News flash: Earth still has only one moon

When California amateur astronomer Bill Yeung found a mysterious object circling Earth in early September, the buzz was that he might have discovered a second moon. Alas, it appears to be something much more mundane.

NOT ANOTHER MOON. Image highlights an object–probably part of an Apollo rocket–that began orbiting Earth in April. A. Aletti

Analyzing the object’s orbit, researchers from the Massachusetts Institute of Technology (MIT) and the University of Arizona in Tucson have concluded that the body is the third stage of the Saturn V rocket used in the Apollo 12 mission to the moon that was launched by NASA Nov. 14, 1969.

Gravitational tugs from the sun and the moon apparently nudged the body away from Earth and into an orbit around the sun in 1971. Paul W. Chodas of NASA’s Jet Propulsion Laboratory in Pasadena, Calif., has determined that the body, designated J002E3, reentered an Earth orbit last April. The object will probably complete six orbits around Earth before returning to a solar orbit next summer, Chodas says.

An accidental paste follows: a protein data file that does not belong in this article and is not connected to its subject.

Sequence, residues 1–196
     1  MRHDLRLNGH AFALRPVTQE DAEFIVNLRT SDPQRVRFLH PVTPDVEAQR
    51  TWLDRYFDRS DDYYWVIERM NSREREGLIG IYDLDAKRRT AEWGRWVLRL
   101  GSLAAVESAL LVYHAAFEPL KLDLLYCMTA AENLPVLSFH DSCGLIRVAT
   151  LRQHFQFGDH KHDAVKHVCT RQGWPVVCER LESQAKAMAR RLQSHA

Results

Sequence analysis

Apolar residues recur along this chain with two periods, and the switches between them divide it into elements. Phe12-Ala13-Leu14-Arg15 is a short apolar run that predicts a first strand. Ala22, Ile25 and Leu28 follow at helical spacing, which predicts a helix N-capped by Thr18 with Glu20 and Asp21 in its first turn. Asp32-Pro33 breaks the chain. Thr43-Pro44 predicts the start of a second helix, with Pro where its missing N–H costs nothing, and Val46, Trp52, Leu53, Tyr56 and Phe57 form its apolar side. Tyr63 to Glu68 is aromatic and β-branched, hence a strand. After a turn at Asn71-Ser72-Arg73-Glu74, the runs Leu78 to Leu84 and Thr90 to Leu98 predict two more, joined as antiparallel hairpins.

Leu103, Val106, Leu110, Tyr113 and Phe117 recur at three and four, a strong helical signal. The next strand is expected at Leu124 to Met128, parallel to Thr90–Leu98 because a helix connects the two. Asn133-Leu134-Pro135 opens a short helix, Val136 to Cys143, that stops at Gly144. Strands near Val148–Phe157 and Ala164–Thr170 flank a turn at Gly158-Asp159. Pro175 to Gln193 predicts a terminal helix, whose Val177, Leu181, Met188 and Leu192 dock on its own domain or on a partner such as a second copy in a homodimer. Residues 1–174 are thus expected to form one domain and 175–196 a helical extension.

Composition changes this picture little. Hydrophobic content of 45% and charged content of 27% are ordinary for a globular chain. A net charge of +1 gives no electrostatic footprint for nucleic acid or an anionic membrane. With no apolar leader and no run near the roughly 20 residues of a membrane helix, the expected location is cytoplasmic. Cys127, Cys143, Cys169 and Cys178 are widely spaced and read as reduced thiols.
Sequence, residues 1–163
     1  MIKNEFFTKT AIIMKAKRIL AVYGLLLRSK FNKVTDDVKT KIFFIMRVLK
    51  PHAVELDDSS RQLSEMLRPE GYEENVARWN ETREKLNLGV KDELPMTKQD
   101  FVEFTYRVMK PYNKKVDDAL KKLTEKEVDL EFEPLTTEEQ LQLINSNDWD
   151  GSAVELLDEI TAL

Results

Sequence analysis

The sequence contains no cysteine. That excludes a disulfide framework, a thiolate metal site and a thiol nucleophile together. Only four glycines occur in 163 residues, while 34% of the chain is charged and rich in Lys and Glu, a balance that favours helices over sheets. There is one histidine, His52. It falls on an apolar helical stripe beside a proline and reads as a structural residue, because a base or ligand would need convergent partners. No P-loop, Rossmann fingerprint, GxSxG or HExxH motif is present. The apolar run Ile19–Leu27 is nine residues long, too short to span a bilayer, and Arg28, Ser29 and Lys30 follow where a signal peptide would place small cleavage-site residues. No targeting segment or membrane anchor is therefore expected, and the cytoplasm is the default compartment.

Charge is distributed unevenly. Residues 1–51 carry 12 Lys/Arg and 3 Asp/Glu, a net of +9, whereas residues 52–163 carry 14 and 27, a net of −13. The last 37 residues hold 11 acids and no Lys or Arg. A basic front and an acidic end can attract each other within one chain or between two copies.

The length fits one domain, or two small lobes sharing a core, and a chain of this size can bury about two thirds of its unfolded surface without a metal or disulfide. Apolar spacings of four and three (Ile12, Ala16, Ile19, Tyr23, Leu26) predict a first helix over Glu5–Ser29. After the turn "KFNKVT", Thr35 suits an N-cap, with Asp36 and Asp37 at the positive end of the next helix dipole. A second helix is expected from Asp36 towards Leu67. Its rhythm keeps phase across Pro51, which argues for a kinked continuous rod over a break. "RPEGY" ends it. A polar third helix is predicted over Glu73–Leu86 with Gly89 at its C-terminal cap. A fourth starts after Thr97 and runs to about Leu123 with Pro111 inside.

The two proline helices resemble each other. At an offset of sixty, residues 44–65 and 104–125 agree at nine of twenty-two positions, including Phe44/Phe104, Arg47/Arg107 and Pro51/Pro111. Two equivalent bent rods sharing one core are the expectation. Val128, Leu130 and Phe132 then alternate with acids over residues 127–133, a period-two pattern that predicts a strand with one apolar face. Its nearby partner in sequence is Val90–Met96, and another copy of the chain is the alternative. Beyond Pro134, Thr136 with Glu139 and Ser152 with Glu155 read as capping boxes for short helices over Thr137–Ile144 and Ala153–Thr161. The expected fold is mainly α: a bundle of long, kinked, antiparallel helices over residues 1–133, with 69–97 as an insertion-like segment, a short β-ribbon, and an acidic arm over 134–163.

Their curiosity piqued by Yeung’s find, Richard P. Binzel and Andrew S. Rivkin of MIT used NASA’s Infrared Telescope Facility atop Hawaii’s Mauna Kea to determine the spectrum of the body. The spectrum looked unlike that of any known asteroid. The MIT duo then was contacted by Carl W. Hergenrother and Rob Whiteley of the University of Arizona, who had already recorded visible light reflected from J002E3.

Combining the data sets produced a single spectrum spanning visible and infrared wavelengths. That spectrum “looks a lot like [that from] titanium oxide paint,” Rivkin says. The third stage of the Saturn V moon rocket was covered with white titanium oxide paint.


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